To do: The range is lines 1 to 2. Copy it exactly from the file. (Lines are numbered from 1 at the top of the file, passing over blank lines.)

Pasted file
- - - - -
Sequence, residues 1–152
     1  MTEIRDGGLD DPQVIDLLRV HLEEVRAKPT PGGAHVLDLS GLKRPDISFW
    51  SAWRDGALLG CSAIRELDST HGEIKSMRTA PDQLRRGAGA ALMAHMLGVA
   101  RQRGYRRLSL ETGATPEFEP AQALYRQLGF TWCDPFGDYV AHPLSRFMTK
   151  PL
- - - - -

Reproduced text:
Sequence, residues 1–152
     1  MTEIRDGGLD DPQVIDLLRV HLEEVRAKPT PGGAHVLDLS GLKRPDISFW